With our mines rehabilitated the bats returned!

Years ago, ARBED definitively closed its iron mines in the Grand-Duchy. Forgotten for a long time, these undergrounds have been restored by the ArcelorMittal Real Estate service, in collaboration with the Nature and Forests Administration, to promote the re-development of their biodiversity.

This is the case of the Giele Botter’s mine in Niederkorn where, in 2019, grids replaced metal plates in order to facilitate access to the premises for animals.

Basically, this project consisted mainly of securing the mining openings, in particular to prevent people from entering and injuring themselves. These vents sag over time, but bats frequent them as hibernation sites. Basically, ArcelorMittal had already secured the holes concerned; the idea was to redevelop the securing devices to make them accessible to bats. The plate securing the hole with only two small openings for the passage of the bats did not allow the correct circulation of the air, nor that of the bats. We have replaced these plates with grids and are now seeing the return of bats.
Jan Herr, from the Nature and Forest Administration, is in charge of the Giele Botter area, classified Natura 2000

The Greater Horseshoe Bat in Niederkorn

Thanks to this installation, the year 2022 is off to a good start for the teams who worked on the rehabilitation of the Giele Botter site. The report listing the species present on the ground notes that five different species of bats now frequent the mine, in the space of only two years! In 2019, the Niederkorn facilities, but also those of Dudelange, had as a priority to accommodate species of bats that are fairly common in the Grand Duchy.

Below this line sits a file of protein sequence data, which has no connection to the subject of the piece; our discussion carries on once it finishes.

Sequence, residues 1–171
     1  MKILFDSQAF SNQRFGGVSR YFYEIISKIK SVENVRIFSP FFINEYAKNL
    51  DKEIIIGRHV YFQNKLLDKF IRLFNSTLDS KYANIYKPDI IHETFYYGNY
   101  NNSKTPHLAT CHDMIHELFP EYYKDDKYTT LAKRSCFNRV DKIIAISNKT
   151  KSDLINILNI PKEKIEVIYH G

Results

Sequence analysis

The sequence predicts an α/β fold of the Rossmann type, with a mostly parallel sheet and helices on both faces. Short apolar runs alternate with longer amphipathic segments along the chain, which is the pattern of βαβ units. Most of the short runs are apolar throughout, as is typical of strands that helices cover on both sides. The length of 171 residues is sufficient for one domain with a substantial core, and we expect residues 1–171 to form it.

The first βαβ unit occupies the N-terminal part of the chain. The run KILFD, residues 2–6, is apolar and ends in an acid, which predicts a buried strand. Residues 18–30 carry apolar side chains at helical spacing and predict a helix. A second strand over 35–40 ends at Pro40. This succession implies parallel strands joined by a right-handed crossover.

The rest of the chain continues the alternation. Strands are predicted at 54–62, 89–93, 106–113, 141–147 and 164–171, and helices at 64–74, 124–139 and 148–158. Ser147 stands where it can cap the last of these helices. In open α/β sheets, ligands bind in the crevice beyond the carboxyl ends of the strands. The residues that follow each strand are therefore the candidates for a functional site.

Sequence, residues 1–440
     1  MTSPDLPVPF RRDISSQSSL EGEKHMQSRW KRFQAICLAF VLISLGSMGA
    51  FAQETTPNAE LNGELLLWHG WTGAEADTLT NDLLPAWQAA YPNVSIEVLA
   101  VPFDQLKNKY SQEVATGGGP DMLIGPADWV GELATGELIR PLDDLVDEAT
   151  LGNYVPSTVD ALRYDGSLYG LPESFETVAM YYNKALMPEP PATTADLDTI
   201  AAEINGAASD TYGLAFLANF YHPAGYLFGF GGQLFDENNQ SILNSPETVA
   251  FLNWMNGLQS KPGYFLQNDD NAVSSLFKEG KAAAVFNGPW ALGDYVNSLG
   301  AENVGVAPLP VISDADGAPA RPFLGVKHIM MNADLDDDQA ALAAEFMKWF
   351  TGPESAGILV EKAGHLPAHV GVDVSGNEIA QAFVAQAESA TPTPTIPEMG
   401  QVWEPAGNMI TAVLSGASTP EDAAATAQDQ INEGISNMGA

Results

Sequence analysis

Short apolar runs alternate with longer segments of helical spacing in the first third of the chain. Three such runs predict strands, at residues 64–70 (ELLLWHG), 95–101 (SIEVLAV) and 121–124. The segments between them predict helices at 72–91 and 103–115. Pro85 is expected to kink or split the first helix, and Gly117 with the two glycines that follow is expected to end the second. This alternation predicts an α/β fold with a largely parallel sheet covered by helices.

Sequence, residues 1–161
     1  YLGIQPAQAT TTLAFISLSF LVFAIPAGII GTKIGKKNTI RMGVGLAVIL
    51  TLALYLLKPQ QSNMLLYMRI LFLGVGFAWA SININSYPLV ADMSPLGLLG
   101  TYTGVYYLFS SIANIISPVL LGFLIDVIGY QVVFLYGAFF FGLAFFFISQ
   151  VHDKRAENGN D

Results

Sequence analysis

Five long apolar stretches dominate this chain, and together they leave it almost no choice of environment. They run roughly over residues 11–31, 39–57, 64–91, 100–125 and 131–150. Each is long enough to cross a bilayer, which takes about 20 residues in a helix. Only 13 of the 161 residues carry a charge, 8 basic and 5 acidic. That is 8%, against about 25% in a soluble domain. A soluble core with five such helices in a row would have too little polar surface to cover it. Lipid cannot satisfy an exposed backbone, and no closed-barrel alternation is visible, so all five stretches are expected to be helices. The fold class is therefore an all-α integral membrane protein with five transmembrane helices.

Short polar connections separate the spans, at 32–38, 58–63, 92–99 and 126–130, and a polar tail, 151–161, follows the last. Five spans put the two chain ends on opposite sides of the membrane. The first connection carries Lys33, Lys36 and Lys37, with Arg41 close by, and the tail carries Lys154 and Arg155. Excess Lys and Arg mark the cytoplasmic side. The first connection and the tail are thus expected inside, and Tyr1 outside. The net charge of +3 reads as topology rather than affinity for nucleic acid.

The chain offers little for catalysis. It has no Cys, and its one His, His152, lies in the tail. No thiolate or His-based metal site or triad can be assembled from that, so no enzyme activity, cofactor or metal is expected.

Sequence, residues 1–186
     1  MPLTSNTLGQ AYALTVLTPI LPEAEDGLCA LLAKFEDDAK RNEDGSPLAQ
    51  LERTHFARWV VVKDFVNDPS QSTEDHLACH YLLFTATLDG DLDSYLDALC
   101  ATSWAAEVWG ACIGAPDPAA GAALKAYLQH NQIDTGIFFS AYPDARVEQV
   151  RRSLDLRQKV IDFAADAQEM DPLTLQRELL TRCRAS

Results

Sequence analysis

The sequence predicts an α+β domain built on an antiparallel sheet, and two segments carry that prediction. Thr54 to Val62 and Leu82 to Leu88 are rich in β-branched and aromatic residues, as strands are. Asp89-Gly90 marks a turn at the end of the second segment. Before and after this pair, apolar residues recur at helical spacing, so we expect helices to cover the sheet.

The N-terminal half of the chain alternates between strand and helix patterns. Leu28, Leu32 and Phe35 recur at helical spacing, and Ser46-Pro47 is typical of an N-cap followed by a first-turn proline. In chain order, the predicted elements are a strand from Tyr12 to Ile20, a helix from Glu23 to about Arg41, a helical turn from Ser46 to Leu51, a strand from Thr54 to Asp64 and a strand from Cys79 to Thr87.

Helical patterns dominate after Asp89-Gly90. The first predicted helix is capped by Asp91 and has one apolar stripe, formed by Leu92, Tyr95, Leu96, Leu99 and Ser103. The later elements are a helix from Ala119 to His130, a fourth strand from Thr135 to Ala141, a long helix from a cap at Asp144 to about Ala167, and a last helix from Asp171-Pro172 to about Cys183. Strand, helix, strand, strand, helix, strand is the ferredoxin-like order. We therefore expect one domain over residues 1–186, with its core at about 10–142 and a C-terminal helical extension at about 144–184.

The repopulation observed is particularly interesting because we now note the presence of the Greater Horseshoe Bat, an extremely rare species in Luxembourg and protected at national and European level. It is a target species of Giele Botter, a Natura 2000 classified area.
This is not the first time that ArcelorMittal Luxembourg has welcomed protected species on its ground and underground. Animals often find refuge on our disused sites such as Rout Lens or Schifflange, where conversion projects are underway. ArcelorMittal works closely with the Nature and Forest Administration to guarantee them the best possible treatment.

The ANF has an agreement with ArcelorMittal for the management of its natural open land. You can do itinerant grazing or clearing for example. ArcelorMittal has 600 hectares of forests [JH1] in Luxembourg, of course there are many protected species. Of the 21 species of bats present on Luxembourg territory, which are protected at European and Luxembourg level, most use the former ArcelorMittal galleries as hibernation quarters. Other protected species are present at ArcelorMittal, we have the lulu lark (with only 25 pairs in Luxembourg) but also flowers such as with certain species of orchids.
Jan Herr

Before and after the mine entrance rehabilitation.